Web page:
Car and Driver

Moby ID: 395


Test drive ten of the best cars on ten varying tracks, from Monterey Raceway to a mall parking lot. Game setup is in the format of the Car & Driver magazine. Race solo or against multiple cars, computer-controlled or via modem. As with most racing games, includes replay with various camera angles.

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Credits (DOS version)

11 People

Additional Programming
Graphics / 3D Programming
Graphics / Artwork
3D Modelling
Technical Director



Average score: 78% (based on 9 ratings)


Average score: 3.4 out of 5 (based on 18 ratings with 3 reviews)


The Good
Hi! My name is James and I have created a user account on MobyGames solely to add this review.

I can’t believe I have found Car & Driver! This game meant so much to me! I have chosen to place my review with MobyGames because of the large selection of screenshots here. Superb!

Before I continue, I was not a big gamer (1992), and bought very few games.

I am an Automotive Design and Test Engineer (England, UK) for a large vehicle manufacturer. This is worth mentioning as it (loosely) justifies my sadness in my rantings below. Here goes.

I bought Car & Driver back in 1992 for my all singing & all dancing 386DX (40Mhz!!!).

Other driving sims at that time on my 386 were ‘Indianapolis 500’ - An oval racer.

As I am typing this, my head is churning to dig up these facts! Car & Driver was bought after lots of research. I used all my money I received for Christmas to purchase and my parents thought I was mad. The main reason for purchase is that I am not an ‘arcade’ fan. This means that ‘checkpoints’ and ‘bonus power ups’ is just not my cup of tea. This is emphasized by my reference to ‘Indianapolis 500’ above. Car & Driver provided car reviews, facts, comments and data. Lots of data. Even back then (before graduation) I was thinking as an Engineer.

I remember receiving the box through the post and being impressed by the amount of floppy disks that were included to hold the game!!! This game must be good I thought. I was not disappointed.

The dashboards were a work of art. I can remember the Corvette’s digital dash. Plus the Ferrari's big wooden rimmed steering wheel. I can’t really remember driving dynamics – but I spent months, every night after school playing this game hard; I mean really hard – so it couldn’t of been that bad.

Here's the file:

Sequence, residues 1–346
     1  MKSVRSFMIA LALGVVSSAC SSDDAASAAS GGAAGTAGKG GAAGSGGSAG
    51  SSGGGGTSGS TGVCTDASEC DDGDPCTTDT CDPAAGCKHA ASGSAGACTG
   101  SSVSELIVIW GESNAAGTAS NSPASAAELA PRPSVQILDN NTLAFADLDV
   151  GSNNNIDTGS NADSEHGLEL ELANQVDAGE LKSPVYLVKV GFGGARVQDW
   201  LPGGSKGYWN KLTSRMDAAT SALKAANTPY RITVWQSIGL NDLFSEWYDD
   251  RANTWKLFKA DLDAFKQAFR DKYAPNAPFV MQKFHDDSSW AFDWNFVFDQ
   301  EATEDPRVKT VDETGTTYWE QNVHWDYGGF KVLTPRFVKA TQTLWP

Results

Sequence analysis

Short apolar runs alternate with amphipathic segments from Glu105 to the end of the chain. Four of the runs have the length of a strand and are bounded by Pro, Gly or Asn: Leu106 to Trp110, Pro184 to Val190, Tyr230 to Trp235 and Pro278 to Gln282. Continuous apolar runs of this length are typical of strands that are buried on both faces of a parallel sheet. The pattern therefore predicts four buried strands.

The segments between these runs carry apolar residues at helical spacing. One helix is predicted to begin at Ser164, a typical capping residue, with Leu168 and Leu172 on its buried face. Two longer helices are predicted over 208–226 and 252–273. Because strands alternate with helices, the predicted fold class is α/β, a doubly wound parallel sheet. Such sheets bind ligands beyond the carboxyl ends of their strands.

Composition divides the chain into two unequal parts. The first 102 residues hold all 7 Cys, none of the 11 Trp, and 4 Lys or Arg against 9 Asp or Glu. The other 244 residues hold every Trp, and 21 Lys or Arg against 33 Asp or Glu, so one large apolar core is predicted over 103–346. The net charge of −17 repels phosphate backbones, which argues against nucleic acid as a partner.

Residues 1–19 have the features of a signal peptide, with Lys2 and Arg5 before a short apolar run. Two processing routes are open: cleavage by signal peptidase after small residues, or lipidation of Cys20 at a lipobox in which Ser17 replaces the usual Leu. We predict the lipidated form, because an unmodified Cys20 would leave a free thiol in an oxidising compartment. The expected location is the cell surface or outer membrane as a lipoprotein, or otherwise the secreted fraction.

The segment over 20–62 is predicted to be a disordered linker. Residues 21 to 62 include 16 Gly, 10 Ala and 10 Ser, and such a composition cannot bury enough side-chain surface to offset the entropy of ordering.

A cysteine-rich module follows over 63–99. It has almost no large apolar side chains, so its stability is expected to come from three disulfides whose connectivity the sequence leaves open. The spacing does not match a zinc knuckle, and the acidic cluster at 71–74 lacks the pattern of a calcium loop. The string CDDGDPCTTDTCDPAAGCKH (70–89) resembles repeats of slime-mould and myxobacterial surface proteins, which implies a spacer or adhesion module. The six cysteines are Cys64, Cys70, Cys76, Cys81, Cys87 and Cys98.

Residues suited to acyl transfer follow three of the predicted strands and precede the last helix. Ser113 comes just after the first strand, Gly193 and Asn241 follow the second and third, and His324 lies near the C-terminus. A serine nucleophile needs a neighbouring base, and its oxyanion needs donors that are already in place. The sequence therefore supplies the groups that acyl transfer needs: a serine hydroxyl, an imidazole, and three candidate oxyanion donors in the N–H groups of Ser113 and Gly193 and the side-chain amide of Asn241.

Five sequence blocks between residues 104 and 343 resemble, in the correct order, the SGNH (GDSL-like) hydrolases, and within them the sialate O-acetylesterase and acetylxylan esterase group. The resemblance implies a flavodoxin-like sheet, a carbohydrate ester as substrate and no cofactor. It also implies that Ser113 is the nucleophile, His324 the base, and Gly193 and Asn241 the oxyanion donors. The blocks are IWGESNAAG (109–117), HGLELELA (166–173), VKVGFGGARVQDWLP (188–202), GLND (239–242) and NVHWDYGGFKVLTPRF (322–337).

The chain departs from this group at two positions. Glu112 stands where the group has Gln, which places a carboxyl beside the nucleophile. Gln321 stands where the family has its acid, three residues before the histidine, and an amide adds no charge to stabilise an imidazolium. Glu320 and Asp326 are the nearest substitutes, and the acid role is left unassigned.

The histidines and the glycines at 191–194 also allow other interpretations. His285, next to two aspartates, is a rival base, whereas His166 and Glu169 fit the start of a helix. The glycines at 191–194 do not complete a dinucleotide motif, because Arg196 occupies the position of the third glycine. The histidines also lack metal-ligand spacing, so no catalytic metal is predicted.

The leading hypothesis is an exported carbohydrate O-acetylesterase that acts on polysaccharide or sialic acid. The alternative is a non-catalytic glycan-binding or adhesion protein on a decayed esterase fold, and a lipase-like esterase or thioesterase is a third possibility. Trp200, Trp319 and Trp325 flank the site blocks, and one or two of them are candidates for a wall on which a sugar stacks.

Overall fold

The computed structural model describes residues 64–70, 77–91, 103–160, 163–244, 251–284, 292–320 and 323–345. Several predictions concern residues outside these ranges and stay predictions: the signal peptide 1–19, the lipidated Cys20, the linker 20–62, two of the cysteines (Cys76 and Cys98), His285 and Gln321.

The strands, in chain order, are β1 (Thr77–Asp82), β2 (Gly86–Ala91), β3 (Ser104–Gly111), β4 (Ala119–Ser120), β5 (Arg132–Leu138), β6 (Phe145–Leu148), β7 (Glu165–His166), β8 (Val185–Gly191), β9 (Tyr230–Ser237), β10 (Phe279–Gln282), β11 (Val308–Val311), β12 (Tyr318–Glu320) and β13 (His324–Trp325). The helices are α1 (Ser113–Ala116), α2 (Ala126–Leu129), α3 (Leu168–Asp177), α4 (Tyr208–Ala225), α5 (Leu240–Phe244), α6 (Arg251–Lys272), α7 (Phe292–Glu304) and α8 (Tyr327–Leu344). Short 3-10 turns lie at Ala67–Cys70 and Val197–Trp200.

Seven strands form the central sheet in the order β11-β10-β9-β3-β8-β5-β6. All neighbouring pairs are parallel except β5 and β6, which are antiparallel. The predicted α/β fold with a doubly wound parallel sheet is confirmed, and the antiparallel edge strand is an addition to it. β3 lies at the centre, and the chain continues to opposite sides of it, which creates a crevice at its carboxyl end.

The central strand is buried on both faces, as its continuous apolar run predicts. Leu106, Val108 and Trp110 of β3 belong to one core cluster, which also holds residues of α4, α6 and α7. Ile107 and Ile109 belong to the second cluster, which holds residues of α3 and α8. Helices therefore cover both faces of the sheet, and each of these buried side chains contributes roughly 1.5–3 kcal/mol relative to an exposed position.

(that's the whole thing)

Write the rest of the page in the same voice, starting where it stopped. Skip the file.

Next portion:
I spent hours in the shopping mall car park. Yes – a shopping mall car park was an actual track! Genius! I perfected donuts in the Cobra. Learnt about oversteer and throttle control. You could even practice parking in designated bays! When you are too young to have a driving license (like me, back in ’92) that meant SO much.

The replays were very good as well. The cars had graduated body colour texture and, wait for it, working brake lights! How cool was that! I remember doing replays on the starting line, just dabbing my brakes, quitting, then watching the replay just for flashing brake lights.

Like I said, other games may have provided the above, but Car & Driver felt so right, so technically correct. It was a technically strong game.

Anyway, I have not played this game in 12 years – so all the above is from memory. I found the box and the original EA discs in my loft (attic/roofspace, you know). I tried to install it last week (September 2004) to my current PC but one of the discs is corrupt. Doh! I will now go on a hunt for a download or something. The Internet is quite new for me. Wish me luck!

A lot of my youth gaming was on this piece of software. It fueled my love for cars, and shaped my career and gaming personality. Needless to say, it spawned an obsession with technically correct, non ‘arcadey’ driving sims which is why recently, GT1, GT2, GT3, GT3 Concept and the soon to be released GT4 have also been my sole gaming avenue - I own no other titles for my PS1 or PS2.

Added February 2005 : I have managed to obtain the game and install it on my machine!!!!! It was like restoring a part of my childhood! Everything above still stands, but after many years of the Gran Turismo series, boy, the physics are questionable!!!!!!!!!!!! Again, thanks for listening. James.

The Bad
My corrupt floppy disc in 2004. Funny that.... In 2005, I can now say physics, but this is unfair. In '92 I had no complaints....!

The Bottom Line
Please see above.

DOS · by James Mills (2) · 2005

One to avoid.

The Good
The interface, based on the Road an Track magazine was pretty well done. The sheer volume of information of the 10 cars showcased in this game was simply phenomenal. Basically, it was the complete magazine review, and when R&T magazine review a car, they do it in style.

The game was fully 3D, and impressively so, but with no textures the whole game looked a little flat - remember the coin-op Hard Driver machine, the first coin-op with a clutch pedal? At the time, most driving games were not 3D, so this was really quite impressive to look at. Times change of course, and today it looks horribly dated.

Some of the courses were fun. There were three road sections. The New York and California highways were great, but the star was the 3-stage mid-west (sorry I forget exactly where) road, covering almost 30 miles. You also got the dragstrip track, and the rather pointless San Dimas mall, where you basically just drove around a car park. Hmm...

There was a rather cool reply mode, and you could actually race against a previous replay. To be honest, more of a gimmic, but still a nice touch.